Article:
If a good painting comes off, it has a stillness, it has a perfection, and that's as great as anything that a musician or a poet can do.' – Jeffrey Smart
'I find it funny that perhaps in 100 years time, if people look at paintings done by the artists of this century, of our century, that the most ubiquitous things, like motor cars and television sets and telephones, don't appear in any of the pictures. We should paint the things around us. Motor cars are very beautiful. I'm a great admirer of Giorgio Morandi – we all love Morandi – and he had all his props, his different bottles and his things. See, my props are petrol stations and trucks and it's just the same thing. It's a different range of things.' – Jeffrey Smart
Jeffrey Smart: Master of Stillness (Catherine Hunter, 2012) sheds light on the early influences of one of our greatest painters. Born in Adelaide in 1921, Smart's early years were spent discovering the back lanes of the city's inner suburbs. Now retired from painting, his last work Labyrinth (2011) evokes those memories.
'It is also a kind of arrival at the painting he was always chasing, never satisfied, hoping the next one on the easel would be the elusive masterpiece, the one that said it all. In this sense, Labyrinth brings a full stop to his career, and at the same time makes for a full, perpetual circle within his life.' – Barry Pearce, Emeritus Curator, Art Gallery of NSW
In 2011, the University of South Australia conferred an honorary doctorate on Jeffrey Smart, the South Australian School of Art's greatest alumnus. And in October 2012, a retrospective exhibition of Smart's work opened in South Australia across two venues and later travelled to the TarraWarra Museum of Art in Victoria.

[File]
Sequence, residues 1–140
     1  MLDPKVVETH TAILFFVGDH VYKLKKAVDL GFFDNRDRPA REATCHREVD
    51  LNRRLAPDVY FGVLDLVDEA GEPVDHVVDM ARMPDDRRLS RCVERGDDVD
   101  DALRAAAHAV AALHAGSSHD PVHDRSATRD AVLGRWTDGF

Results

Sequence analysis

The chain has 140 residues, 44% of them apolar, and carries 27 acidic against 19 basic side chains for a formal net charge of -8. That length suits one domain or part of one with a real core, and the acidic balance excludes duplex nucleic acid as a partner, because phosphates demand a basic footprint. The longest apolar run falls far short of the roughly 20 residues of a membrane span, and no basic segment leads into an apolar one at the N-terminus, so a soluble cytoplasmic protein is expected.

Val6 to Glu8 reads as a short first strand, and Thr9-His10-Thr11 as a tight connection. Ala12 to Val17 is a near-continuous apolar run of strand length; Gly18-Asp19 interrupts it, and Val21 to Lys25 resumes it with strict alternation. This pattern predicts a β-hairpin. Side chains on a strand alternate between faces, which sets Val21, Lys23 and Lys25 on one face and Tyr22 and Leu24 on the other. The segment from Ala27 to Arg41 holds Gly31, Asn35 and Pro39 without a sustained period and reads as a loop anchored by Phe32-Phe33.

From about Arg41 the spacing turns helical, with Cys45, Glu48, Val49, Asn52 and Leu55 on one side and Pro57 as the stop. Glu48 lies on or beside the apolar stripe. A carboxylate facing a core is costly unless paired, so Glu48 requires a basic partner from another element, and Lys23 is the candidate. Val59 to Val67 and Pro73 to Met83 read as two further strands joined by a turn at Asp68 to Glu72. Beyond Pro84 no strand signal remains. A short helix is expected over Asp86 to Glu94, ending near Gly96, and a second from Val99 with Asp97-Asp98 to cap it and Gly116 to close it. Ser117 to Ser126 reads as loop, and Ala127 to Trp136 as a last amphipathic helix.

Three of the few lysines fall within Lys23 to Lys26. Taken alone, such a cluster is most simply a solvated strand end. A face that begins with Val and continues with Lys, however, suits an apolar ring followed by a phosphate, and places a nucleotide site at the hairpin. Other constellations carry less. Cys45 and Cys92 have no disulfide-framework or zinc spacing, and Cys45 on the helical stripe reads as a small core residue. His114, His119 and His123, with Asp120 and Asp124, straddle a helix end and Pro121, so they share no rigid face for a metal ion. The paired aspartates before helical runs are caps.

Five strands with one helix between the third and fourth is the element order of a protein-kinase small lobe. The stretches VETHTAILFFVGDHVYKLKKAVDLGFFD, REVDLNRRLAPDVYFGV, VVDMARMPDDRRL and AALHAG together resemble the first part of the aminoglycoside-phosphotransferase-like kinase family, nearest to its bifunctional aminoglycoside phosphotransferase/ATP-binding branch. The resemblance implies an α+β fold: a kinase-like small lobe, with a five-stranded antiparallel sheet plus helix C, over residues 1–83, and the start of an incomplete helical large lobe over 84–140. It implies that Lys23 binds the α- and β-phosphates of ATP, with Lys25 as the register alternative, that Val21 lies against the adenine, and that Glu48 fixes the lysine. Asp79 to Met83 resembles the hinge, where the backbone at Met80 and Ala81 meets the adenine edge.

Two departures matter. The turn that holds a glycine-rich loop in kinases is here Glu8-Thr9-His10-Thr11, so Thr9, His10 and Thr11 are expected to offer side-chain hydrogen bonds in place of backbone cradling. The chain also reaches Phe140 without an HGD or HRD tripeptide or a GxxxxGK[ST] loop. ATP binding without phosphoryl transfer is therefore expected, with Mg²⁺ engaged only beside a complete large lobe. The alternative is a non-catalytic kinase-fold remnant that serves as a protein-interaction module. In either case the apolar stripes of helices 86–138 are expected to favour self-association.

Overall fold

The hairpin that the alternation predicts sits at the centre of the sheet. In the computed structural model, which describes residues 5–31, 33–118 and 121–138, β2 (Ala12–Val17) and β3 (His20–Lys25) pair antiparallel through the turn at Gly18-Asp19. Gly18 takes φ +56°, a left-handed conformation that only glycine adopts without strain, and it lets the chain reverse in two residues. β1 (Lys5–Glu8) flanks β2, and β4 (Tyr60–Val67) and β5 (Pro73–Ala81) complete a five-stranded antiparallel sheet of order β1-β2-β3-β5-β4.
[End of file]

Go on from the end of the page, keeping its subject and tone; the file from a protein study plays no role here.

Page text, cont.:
A one-time teacher in Adelaide, Jeffrey Smart was always drawn to the idea of living in Italy. In 1951, he left Adelaide for Sydney where he became famous as Phidias in the ABC's Argonauts Club and art critic on the Children's Hour. He moved to Italy in the early 1960s and has lived there ever since.
It was in Italy that the colours and shapes and designs of a country rebuilding itself after the war inspired a new vernacular of modern painting for Smart. Street signs, apartment blocks, and construction sites became his subject matter.
'He confronted this universe of technology and architecture anywhere his travels took him, declaring it was beautiful, and became its most passionate poet ...' – Barry Pearce.
Jeffrey Smart: Master of Stillness would be an excellent film to show to secondary and tertiary students of Visual Arts, Studio Arts, Art and Design and/or Fine Arts. It would also be valuable for students of Culture and Society and Biography. At the same time, Media Studies students could study the structure and editing of the film as a model of clarity and conciseness. In less than half an hour we learn a great deal about this now 91-year-old artist, his work and the places, people and experiences that have shaped his art.